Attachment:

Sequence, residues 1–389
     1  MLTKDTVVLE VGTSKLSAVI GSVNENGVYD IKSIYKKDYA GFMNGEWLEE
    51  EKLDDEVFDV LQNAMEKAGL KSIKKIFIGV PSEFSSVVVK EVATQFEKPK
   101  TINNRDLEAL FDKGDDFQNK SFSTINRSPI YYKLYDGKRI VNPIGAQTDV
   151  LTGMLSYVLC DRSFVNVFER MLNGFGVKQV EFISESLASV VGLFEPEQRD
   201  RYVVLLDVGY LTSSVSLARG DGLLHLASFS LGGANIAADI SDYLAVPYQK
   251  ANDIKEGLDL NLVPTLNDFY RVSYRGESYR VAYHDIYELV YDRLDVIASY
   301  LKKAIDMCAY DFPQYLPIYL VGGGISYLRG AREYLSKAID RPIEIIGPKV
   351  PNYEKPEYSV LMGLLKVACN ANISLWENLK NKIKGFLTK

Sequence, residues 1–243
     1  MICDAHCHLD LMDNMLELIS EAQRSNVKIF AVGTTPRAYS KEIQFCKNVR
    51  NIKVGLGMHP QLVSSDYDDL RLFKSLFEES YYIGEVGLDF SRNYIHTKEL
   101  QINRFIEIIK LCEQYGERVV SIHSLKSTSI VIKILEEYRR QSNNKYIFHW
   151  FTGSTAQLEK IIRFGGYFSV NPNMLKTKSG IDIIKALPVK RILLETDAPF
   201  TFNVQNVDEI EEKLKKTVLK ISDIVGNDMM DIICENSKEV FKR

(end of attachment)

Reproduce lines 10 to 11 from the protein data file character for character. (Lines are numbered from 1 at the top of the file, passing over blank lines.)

Sequence, residues 1–243
     1  MICDAHCHLD LMDNMLELIS EAQRSNVKIF AVGTTPRAYS KEIQFCKNVR